A Response to the Bucknellian
This article was written in response to the Bucknellian's recent editorial.
When a protest occurs, there are always two responses from the opposition, neither of which have the moral high ground over the other. One group will outright reject the movement, resorting to online attacks and calling for those within the movement to disappear. One such example is the troll account currently attacking @bucknell.storytime, we see you and all of the people who have liked it’s comments. You have shown your true colors and have made it clear that you do not care about your peers who are affected by sexual assault, systemic racism, and food insecurity. While the comment is hugely misinformed, it is more obvious than the second response from the opposition, which attempts to find flaws in the protest in order to minimize the impact and allow for the situation to blow over. This response is usually the most popular, as it allows people to feel less guilty about ignoring the protest and actually deceives people by telling them that this response is exactly the same as activism. It was used when Colin Kaepernick kneeled at NFL games, as people convinced themselves that it wasn’t the right time to raise awareness and eventually, the entire purpose of his activism was misconstrued.
So it is rather disappointing that the Bucknellian would apply the same method in response to last week’s events. I would’ve said it was surprising, but as a mouthpiece for the administration that acts as the students’ voice, we should’ve expected no less when it came to covering the protest. The writers of the Editorial in the Bucknellian took it upon themselves to speak on behalf of the members of the paper and criticize the protest. They focused on the disruptive nature of the banners and flyers that were deployed at numerous sites during Admitted Students Day, calling them ‘fear tactics’ and ‘triggering messages’. Further, they called Admitted Students Day the wrong time and those families, the wrong targets. Overall, in a condescending tone, they suggested those involved use more positive and respectful conversation in order to solve these issues. It is always interesting for people to suggest that activism be done in a quieter tone as if anything has ever been solved by politely asking for change. If you didn’t want to hear or see protests on your campus, then say it. At the very least, those who responded on Instagram ‘liked’ the comment with their real name for the world to see. The Editorial has no names attached, implying that this was a shared opinion by the entirety of the paper. I can tell you firsthand that this is false. They do not speak for me, nor do they speak for any students here. But the protesters do indeed speak for real students who struggle at this institution.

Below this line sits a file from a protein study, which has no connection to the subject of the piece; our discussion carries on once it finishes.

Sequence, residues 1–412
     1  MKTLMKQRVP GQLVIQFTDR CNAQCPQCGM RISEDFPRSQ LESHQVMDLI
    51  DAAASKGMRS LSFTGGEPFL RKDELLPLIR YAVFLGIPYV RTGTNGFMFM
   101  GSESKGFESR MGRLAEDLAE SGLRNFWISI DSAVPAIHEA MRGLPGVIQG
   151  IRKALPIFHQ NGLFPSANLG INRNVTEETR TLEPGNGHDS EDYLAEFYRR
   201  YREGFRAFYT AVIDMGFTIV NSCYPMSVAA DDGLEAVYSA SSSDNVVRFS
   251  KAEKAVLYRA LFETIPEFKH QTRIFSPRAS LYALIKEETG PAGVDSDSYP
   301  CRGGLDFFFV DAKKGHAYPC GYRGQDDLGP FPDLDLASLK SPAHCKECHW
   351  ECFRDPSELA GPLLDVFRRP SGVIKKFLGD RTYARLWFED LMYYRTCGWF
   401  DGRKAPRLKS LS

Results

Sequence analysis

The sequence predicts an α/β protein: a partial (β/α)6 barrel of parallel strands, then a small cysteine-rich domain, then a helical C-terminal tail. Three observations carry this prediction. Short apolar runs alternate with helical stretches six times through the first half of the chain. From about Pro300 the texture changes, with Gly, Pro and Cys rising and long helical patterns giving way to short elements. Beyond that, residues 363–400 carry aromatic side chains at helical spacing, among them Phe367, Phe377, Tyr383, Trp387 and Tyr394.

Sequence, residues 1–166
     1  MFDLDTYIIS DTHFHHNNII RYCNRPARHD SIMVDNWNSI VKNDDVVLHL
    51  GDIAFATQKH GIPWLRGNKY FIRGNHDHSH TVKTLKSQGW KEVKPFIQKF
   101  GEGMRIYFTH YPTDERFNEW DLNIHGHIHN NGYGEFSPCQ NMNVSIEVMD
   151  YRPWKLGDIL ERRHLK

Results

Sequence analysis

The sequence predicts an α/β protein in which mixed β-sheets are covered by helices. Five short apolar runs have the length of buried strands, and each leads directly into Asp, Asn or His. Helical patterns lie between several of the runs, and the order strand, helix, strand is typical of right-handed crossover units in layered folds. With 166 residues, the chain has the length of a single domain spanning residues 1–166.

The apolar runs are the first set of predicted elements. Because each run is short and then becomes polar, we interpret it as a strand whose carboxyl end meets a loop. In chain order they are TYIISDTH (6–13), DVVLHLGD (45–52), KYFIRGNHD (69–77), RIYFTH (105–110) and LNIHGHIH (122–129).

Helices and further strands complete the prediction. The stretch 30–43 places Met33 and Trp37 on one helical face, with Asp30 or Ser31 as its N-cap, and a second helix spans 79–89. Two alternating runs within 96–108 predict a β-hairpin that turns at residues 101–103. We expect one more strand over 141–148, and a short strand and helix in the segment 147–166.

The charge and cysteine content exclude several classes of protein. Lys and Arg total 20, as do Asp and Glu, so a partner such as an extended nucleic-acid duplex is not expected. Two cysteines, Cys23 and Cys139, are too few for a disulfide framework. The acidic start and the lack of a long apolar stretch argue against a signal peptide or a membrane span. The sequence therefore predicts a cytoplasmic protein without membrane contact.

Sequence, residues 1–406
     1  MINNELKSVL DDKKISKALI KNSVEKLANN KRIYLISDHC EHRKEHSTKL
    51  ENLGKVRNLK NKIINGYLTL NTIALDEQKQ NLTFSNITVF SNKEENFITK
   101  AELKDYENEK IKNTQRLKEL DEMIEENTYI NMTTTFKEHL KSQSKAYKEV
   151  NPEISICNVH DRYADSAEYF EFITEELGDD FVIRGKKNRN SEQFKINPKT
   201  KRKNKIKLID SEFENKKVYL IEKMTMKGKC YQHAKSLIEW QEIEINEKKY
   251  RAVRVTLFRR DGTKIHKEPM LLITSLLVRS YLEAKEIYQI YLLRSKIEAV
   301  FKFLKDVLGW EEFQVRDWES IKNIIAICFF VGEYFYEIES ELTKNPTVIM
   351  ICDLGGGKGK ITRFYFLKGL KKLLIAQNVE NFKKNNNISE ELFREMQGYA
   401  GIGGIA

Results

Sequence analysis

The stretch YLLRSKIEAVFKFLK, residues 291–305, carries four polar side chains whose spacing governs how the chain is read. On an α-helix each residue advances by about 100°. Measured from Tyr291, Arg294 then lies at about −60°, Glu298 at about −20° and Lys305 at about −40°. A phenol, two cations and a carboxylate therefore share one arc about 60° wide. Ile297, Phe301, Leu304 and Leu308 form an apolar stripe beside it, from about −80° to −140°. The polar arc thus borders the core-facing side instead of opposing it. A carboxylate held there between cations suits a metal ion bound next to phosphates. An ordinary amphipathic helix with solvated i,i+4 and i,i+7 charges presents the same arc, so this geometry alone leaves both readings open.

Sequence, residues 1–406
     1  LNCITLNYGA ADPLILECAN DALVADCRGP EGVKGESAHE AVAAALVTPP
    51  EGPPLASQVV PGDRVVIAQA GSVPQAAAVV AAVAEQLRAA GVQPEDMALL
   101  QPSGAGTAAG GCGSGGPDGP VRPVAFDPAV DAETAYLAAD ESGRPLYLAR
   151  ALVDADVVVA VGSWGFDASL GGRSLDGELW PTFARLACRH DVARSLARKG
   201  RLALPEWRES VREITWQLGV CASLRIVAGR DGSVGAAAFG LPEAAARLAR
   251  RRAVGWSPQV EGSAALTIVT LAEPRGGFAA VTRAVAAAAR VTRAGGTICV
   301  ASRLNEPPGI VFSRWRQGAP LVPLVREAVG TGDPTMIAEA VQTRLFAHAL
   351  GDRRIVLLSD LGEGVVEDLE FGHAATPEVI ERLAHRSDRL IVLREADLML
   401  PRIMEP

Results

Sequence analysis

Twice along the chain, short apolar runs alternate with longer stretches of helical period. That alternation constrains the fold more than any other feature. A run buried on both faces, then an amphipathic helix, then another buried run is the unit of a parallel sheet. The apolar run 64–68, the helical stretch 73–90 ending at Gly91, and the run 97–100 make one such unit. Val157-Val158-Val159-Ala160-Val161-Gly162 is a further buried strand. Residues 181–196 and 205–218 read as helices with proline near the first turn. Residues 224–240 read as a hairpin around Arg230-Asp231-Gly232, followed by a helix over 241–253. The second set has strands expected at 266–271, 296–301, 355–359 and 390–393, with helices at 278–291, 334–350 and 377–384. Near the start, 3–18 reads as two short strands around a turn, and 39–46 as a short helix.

The timing of the protest makes perfect sense if you thought about it for more than a few minutes. The point is to alert those on the outside to the mismanagement of the current situation at Bucknell. Prospective students deserve to know the truth about this campus, and if they decide it's good for them then they will still attend. The Editorial brought up a student who had rescinded their commitment, something they could’ve only known with connections to the administration. The fact that this occurred is crucial to understanding why the protests occurred. This prospective student know had a greater understanding of what they may be getting themselves into over the next four years. It is something that many of us may have benefitted from hearing prior to our own commitment. The second reason for the timing was to catch administration off guard and display how a lack of accountability has lulled them into a place of complacency. Dean Badal laughed at protestors while trying to rip down banners and later tried to hide other banners from tours by redirecting them away from Rooke Science Center. Well, you can’t hide any longer. The students who have been forced to bear the brunt of their inaction over the past few years made themselves loud and clear when they protested. To simply say you are trying to fix things doesn’t mean you have made a difference. The sexual assault workshops haven’t worked, isn’t that right TKE? The attempts to hide the existence of the food pantry has not solved hunger on campus, it has only shamed those who are forced to use the program. Advertising pamphlets with diversity have not resulted in a comfortable campus, the lack of diversity in the faculty and counseling center is quite telling.
So the Bucknellian Editorial Board has a decision to make, continue to pat yourselves on the back for promoting the end of a protest while defending administration or learn from your mistakes and learn to listen to the students you claim to represent. The clock is ticking.